Why We Need Diverse Fermented Foods

I found this comment from Art Ayers deep in a discussion on his excellent blog Cooling Inflammation:

Probiotic fermenting bacteria only work in the upper part of the gut, not in the colon. The anaerobic bacteria that work in the colon must be slowly acquired by persistent eating of diverse veggies to provide diverse polysaccharides and uncooked veggies to provide the bacteria.

I agree and disagree. It’s an excellent point that the bacteria near the stomach are quite different from the bacteria deep in the colon. So you need different sources of each. I don’t know what “probiotic fermenting bacteria” are (I was under the impression that all bacteria “ferment”), but, yeah, bacteria that live on lactose (e.g., in yogurt) are going to be quite different than bacteria that live on more complex sugars that are digested more slowly than lactose and thus pass further into the intestine.

To me, this explains why I like vegetables. I have no trouble avoiding fruit, bread, rice, pasta, and so on, but I hate meals without vegetables. Why? This line of thought suggests it is because they supply complex polysaccharides needed for deep-colon health. As Ayers implies, you wouldn’t need a lot. This line of thought suggests how you or nutrition scientists can decide what fermented foods to eat (some for each part of the digestive system).

I disagree about raw vegetables. Like most people, I don’t like raw vegetables. I like the crunchiness but the taste is too weak. That most people are like me is suggested by the fact that raw vegetables are almost never eaten without dip or dressing (which add fat and flavor) or something done to make them more palatable (e.g., sugar and liquid from tomatoes). If raw vegetables were important, even necessary, for health, the fact that they are hard to eat would make no evolutionary sense.

I do like pickled/fermented vegetables of all sorts, such as kimchi and sauerkraut. I believe they are a far better source of the bacteria you need than raw vegetables (they have far more of the bacteria that grow on raw vegetables than ordinary raw vegetables).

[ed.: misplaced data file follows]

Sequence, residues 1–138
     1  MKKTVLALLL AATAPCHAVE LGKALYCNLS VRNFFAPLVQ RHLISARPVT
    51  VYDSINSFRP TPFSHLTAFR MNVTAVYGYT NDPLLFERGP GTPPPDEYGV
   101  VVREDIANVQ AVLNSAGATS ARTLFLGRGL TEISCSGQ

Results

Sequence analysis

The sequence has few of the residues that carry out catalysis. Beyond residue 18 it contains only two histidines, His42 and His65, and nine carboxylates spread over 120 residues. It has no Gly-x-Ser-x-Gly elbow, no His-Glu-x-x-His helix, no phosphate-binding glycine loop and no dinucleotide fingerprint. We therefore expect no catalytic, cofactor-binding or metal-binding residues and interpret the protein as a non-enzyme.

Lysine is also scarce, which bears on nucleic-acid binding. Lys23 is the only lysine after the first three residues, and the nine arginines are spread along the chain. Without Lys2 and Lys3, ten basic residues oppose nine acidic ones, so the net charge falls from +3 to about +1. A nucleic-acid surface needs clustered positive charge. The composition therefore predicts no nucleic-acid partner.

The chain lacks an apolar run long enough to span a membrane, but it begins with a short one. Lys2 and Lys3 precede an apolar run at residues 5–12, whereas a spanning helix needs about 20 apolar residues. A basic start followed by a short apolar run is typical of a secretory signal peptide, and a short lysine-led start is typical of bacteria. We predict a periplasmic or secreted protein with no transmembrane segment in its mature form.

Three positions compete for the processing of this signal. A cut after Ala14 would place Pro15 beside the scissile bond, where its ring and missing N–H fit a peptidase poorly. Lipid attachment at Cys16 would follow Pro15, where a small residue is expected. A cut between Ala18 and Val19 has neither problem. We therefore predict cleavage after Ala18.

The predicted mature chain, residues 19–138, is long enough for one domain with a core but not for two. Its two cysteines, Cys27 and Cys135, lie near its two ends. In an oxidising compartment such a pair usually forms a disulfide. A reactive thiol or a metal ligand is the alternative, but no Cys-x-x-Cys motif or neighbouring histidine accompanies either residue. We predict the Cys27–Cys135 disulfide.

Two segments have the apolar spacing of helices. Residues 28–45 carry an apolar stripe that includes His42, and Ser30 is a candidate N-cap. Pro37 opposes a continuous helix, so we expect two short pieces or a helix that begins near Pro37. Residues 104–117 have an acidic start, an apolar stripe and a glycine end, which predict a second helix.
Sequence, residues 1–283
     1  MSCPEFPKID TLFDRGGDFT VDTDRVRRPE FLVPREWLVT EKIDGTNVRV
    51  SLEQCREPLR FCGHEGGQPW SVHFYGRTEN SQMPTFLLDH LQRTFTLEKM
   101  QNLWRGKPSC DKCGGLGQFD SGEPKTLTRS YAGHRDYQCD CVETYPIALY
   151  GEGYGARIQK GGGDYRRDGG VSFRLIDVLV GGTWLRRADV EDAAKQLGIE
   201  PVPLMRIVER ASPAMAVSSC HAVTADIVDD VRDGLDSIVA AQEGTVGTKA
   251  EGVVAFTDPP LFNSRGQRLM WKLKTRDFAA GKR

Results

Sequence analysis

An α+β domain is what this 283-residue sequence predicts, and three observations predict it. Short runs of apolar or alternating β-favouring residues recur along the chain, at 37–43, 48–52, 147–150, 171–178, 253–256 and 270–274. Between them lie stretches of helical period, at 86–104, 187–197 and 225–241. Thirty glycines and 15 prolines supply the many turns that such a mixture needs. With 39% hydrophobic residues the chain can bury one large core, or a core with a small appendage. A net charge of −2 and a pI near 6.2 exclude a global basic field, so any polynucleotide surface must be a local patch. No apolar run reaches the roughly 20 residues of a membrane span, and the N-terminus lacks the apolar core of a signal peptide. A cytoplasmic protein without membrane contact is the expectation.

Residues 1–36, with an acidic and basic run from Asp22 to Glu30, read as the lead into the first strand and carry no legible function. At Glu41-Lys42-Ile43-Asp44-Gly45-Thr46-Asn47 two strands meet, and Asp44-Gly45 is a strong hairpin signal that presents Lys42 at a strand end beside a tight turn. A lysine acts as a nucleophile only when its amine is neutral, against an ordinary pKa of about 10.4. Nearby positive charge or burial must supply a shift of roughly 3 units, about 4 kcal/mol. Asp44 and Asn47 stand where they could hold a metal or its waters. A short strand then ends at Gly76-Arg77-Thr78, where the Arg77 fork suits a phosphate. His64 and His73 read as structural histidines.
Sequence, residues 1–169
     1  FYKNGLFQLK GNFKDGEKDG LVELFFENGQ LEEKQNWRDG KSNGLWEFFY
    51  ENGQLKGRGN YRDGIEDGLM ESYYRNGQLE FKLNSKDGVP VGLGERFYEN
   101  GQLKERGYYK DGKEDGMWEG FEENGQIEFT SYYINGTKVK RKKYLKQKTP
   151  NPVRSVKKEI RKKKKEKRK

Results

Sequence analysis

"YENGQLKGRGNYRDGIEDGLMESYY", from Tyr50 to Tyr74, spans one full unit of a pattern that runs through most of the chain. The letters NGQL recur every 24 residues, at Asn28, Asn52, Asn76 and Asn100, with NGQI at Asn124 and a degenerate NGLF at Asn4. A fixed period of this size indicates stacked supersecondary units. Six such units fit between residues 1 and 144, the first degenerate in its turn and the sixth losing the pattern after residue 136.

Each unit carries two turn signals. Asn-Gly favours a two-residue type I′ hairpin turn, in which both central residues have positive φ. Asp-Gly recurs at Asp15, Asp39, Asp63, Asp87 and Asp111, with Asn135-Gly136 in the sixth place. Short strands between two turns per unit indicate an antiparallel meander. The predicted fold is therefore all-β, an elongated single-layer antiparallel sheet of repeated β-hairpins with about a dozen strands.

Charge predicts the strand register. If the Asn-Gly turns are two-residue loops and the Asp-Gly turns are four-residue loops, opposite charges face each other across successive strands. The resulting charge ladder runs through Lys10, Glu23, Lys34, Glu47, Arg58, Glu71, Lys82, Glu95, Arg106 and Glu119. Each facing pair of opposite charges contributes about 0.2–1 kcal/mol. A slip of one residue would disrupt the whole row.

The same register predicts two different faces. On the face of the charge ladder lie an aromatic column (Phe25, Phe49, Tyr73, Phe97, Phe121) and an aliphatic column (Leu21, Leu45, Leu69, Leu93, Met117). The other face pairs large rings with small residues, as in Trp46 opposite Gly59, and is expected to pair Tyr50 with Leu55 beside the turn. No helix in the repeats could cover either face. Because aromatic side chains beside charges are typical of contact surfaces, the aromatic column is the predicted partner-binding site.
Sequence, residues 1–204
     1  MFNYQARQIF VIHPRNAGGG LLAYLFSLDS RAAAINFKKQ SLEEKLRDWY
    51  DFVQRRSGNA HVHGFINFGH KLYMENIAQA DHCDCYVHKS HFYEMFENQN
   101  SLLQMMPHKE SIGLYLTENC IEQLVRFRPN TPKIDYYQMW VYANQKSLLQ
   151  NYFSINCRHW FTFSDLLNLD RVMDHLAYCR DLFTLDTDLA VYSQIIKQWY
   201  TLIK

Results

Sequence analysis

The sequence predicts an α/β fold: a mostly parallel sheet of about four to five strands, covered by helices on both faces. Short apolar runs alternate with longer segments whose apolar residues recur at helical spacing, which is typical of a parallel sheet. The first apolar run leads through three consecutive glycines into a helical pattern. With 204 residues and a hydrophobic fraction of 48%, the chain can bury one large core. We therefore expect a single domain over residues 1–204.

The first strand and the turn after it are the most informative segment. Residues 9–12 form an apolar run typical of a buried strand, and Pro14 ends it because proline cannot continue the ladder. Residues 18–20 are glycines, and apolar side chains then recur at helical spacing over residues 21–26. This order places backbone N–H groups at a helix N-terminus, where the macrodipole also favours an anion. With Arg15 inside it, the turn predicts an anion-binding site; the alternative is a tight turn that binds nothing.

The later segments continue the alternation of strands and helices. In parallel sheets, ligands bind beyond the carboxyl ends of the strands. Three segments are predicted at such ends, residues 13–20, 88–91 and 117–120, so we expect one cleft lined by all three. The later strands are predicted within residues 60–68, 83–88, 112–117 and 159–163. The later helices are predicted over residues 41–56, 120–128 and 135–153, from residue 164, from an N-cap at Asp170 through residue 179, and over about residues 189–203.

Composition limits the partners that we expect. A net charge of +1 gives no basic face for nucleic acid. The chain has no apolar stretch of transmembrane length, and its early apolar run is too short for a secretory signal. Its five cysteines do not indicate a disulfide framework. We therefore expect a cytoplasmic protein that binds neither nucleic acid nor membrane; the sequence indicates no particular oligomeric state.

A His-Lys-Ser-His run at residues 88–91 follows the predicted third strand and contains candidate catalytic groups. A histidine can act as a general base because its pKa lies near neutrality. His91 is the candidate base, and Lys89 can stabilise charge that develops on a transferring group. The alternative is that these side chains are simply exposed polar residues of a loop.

3 Responses to “Why We Need Diverse Fermented Foods”

  1. xap Says:

    A fascinating example of bacterial interactions within humans is something I was reading earlier about studies from the early 20th century about tuberculosis and its possible anti-tumor effects.

    This led to the novel but effective idea of using the BCG vaccine to treat bladder cancer.

    http://community.advanceweb.com/blogs/al_1/archive/2009/07/13/an-immunotherapy-success-story-bcg-and-bladder-cancer.aspx

  2. kxmoore Says:

    have you tried making kefir Seth? ridiculously easy with much more probiotics than yogurt. also easy to store/put to sleep.

    Seth: I have made kefir. It was not ridiculously easy, although maybe I was doing something wrong. Do I need kefir grains? I don’t know. Do you use kefir grains? If so where did you get them?

  3. kxmoore Says:

    how i have made kefir for 7 years:

    1 put kefir grains and milk and or coconut milk in jar
    2 place jar in dark place for 18 -24 hours
    3 strain and refrigerate liquid. go back to step 1

    you can get grains mailed from numerous sites(ebay) for under $10 or even free. get live milk grains. if u ever pass thru nyc i’ll give you some as a small thanx for your wonderful site.

    this guy is the kefir master. he ferments veggies with kefir.

    http://users.sa.chariot.net.au/~dna/kefirpage.html